Fischer followed up by suggesting that Americans should be proud of the “displacement of native American tribes.” Finally, he wrote that if the native people had converted to Christianity, like Pocahontas did, then “their assimilation into what became America could have been seamless and bloodless.”
Such assertions are offensive to Native American Christians. One such leader, Rev. Emerson Falls, counters Fischer, telling me that some Indian tribes, such as the Cherokee, assimilated into white Christian ways only to be displaced by federal policy at gunpoint and marched from the deep South to Oklahoma during the Trail of Tears (1838-1839). Falls added, “It was only after their forced removal on the Trail of Tears that they began to question the validity of Christianity.” 
Ironically, Fischer’s assertions about Native Americans come at a time when some Christian groups are attempting to address wounds, never fully healed, among Native Americans.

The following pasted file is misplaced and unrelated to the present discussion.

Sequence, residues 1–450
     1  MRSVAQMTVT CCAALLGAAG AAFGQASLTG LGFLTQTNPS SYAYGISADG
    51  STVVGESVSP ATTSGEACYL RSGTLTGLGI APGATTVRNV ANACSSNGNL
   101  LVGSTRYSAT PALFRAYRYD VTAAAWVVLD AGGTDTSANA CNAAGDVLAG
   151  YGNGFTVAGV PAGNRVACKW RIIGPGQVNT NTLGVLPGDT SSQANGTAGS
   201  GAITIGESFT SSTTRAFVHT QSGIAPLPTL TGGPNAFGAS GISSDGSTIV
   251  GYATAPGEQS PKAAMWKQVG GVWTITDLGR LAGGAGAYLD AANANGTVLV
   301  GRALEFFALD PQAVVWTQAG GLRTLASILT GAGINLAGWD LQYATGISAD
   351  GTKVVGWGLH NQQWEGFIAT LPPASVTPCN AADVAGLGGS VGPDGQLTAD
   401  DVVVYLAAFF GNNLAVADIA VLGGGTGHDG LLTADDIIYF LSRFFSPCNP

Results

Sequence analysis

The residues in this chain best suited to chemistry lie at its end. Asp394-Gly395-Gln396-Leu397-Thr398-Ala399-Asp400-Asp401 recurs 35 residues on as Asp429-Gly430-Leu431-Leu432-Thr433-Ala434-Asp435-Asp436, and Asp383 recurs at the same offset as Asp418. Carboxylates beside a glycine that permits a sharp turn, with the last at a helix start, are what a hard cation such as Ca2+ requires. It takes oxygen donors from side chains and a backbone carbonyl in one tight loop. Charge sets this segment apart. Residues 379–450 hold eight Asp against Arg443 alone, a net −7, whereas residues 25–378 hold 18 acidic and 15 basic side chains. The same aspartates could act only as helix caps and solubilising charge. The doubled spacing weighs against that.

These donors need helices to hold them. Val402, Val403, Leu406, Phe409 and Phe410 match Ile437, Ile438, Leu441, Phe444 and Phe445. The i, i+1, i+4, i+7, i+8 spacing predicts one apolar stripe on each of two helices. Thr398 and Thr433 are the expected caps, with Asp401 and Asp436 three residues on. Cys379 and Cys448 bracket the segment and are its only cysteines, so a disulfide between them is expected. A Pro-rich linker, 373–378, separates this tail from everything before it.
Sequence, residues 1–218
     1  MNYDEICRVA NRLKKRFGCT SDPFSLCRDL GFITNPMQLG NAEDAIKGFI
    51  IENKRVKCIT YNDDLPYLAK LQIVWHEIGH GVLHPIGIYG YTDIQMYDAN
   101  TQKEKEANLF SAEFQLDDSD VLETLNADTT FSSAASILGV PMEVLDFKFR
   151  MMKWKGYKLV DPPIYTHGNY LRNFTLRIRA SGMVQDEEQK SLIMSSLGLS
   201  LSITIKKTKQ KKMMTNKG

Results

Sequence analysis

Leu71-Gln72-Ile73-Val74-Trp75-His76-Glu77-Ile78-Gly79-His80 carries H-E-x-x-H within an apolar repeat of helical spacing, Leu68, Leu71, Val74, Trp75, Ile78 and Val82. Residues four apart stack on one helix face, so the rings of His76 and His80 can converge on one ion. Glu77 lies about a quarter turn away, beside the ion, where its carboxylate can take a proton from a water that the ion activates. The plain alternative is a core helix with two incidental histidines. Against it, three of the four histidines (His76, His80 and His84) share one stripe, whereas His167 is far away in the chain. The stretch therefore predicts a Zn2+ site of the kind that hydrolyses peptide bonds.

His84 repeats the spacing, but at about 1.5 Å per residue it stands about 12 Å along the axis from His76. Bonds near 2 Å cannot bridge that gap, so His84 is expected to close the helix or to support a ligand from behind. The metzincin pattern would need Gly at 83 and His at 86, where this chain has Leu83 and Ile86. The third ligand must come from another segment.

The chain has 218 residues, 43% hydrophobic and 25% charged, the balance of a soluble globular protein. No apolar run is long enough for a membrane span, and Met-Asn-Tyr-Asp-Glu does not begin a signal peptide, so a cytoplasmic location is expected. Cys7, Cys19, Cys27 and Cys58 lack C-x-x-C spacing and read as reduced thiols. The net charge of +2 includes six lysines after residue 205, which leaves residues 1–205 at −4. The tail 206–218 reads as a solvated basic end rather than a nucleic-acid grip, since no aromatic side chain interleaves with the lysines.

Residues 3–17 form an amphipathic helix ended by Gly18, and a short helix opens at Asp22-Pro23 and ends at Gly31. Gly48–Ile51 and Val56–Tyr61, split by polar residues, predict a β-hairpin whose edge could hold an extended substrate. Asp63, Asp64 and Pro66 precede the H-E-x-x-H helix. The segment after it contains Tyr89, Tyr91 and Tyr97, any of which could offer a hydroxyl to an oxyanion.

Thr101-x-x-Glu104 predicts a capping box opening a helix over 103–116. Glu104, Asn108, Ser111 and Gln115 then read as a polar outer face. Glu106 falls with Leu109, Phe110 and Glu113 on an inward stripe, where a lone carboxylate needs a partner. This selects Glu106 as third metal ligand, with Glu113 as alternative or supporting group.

The first weekend of March, Southern Baptists hosted a conference in Oklahoma called “The Gathering” where Native American Christians reflected on reasons why their peers are not more receptive to Christianity. Randy Adams, Church Outreach Director of the Baptist General Convention of Oklahoma, described barriers past generations of Christians created for native people. “At times, mission agencies were complicit with the government mistreatment of native Americans,” referring to government removal of native people from their home lands.
Furthermore, Christians conspired with the government to Americanize native people in the name of religion. Rev. Falls, first Native American president of the Baptist General Convention of Oklahoma, explains: “The church partnered with the government to run boarding schools that took Native children out of their homes, cut their hair, changed their clothes, and denied them the right to speak in the own language. This led to an attitude that equates Christianity with cultural genocide, an attitude still prevalent today.”